This essay has discussed Milieu Reverb, an audiovisual-generative expression of pedestrian movement through urban public spaces. The work consists of a series of videos that are digitally manipulated in real time and a corresponding gallery installation that exhibits them simultaneously. Employing tracking techniques at its core, the artwork depersonalizes an otherwise familiar form—video monitoring of a public space—by blurring the original camera feed to make people unidentifiable, while retaining information about their movement through the urban space and highlighting it using a colorful visual language. The artwork is also innovative in its use of multilayered hypermediacy to provide transparency to multiple, simultaneously playing videos via an interface built primarily on hedonic interactive features. The random assemblage of movies available at the gallery exhibition, compounded by the possibility of interactive editing by the audience itself, represents an innovative approach to the augmentation of reality through digital technology.
References and Notes
 Jay David Bolter and Richard Grusin, Remediation: Understanding New Media(Cambridge, MA: MIT Press, 1998), 56-62.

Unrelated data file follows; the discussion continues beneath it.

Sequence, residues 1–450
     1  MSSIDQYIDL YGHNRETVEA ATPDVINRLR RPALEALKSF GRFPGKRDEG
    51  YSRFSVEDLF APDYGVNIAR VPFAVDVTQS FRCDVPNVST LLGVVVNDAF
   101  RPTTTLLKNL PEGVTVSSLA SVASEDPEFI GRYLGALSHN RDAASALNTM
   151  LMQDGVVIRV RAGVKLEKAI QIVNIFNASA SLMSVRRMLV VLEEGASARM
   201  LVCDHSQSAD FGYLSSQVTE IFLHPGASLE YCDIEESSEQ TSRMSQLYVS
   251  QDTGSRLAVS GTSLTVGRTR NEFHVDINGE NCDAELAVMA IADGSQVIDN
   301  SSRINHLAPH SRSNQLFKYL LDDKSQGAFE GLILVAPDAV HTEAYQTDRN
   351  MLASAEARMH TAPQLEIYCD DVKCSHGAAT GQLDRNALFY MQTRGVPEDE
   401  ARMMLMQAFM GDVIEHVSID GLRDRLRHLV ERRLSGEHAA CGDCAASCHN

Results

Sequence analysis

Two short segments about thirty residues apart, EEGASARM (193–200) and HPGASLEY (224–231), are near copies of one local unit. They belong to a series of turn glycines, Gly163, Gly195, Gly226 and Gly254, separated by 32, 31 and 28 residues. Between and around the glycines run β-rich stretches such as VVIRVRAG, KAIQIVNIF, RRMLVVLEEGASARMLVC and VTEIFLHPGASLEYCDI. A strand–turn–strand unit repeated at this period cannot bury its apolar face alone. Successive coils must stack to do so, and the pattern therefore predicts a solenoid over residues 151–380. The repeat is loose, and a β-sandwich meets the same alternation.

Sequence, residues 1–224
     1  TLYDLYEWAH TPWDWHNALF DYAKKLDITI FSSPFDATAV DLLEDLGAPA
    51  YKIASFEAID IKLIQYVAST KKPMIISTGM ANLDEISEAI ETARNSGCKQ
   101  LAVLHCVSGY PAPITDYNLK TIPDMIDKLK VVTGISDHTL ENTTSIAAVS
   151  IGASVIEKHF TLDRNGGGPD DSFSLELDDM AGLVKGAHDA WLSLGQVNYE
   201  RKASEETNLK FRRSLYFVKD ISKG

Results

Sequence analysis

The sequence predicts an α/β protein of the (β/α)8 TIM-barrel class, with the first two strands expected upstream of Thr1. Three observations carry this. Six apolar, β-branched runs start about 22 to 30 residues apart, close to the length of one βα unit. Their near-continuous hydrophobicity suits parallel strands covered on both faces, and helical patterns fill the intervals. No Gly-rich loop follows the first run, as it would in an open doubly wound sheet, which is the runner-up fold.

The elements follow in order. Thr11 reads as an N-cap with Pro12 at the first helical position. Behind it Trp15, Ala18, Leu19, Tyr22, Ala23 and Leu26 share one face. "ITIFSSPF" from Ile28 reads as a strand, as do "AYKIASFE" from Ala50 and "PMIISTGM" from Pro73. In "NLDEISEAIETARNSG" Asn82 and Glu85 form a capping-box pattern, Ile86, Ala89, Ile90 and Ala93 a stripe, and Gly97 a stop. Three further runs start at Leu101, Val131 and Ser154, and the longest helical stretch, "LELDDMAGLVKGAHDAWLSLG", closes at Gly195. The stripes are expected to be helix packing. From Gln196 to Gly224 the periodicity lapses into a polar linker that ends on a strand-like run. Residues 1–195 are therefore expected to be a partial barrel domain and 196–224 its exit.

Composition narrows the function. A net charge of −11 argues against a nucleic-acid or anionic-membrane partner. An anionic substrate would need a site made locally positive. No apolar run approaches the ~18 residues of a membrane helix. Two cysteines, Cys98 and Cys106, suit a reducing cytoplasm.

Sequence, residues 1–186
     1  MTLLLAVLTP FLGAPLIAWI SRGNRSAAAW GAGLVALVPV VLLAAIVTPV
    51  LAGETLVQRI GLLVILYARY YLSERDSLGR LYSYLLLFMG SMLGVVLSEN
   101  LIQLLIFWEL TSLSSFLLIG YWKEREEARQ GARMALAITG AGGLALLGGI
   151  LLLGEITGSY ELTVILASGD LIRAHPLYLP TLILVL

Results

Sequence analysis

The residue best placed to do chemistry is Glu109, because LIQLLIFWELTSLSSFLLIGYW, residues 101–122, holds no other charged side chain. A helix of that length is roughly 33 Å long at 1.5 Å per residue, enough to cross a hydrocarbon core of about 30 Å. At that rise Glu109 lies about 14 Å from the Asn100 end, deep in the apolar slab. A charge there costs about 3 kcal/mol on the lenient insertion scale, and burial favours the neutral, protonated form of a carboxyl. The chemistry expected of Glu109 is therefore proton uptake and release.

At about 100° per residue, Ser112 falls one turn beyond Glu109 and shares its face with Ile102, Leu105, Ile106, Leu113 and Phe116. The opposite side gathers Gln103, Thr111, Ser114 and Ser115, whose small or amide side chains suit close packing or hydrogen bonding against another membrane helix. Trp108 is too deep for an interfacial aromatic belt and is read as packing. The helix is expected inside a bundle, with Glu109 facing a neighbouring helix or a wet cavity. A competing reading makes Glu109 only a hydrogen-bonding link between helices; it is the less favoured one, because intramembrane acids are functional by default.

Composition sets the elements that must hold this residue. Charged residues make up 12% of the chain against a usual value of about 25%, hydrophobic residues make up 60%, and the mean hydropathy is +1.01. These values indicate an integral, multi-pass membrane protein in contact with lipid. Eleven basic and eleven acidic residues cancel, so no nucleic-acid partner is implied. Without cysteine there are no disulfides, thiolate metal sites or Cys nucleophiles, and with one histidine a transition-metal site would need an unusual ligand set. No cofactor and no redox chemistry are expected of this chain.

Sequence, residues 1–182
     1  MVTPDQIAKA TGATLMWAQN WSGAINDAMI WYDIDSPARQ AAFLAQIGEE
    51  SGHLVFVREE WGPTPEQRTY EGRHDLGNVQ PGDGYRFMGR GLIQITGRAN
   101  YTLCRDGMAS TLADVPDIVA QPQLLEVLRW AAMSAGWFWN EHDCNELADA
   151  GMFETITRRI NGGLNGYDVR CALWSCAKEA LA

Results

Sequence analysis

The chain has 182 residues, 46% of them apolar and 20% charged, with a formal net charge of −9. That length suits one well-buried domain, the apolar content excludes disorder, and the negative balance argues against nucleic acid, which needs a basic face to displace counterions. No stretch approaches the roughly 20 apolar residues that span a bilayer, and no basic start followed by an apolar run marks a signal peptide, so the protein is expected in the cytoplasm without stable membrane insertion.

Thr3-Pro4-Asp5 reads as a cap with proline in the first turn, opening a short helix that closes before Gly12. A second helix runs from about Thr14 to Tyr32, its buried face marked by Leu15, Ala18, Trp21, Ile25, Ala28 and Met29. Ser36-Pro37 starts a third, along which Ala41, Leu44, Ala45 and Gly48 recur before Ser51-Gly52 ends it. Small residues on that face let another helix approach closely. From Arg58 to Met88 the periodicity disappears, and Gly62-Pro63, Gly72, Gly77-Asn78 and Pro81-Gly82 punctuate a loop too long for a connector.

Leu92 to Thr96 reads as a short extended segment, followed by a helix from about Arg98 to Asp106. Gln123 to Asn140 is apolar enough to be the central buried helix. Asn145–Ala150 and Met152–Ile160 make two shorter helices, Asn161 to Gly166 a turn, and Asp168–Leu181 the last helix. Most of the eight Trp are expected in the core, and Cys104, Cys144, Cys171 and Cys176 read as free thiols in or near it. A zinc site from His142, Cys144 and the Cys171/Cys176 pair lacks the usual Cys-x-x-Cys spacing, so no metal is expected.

Erving Goffman, Behaviour in Public Places: Notes on the Social Organisation of Gatherings (New York, NY: The Free Press, 1963).
 Erving Goffman, The Presentation of Self in Everyday Life (Woodstock, NY: The Overlook Press, 1973).
 Julie Rico, Giulio Jacucci, Stuart Reeves, Lone Koefoed Hansen, and Stephen Brewster, “Designing for Performative Interactions in Public Spaces,” Proceedings of the UbiComp'10, Copenhagen, Denmark, September 26-29, 2010.
 Bill Hillier and Julienne Hanson, The Social Logic of Space (Cambridge: Cambridge University Press, 1984).
 Carl Myhill, “Commercial Success by Looking for Desire Lines,” Proceedings of the 6th Asia Pacific Computer-Human Interaction Conference, Rotorua, New Zealand, June 29-July 2, 2004.
 William H. Whyte, The Social Life of Small Urban Spaces (Washington, DC: The Conservation Foundation, 1980).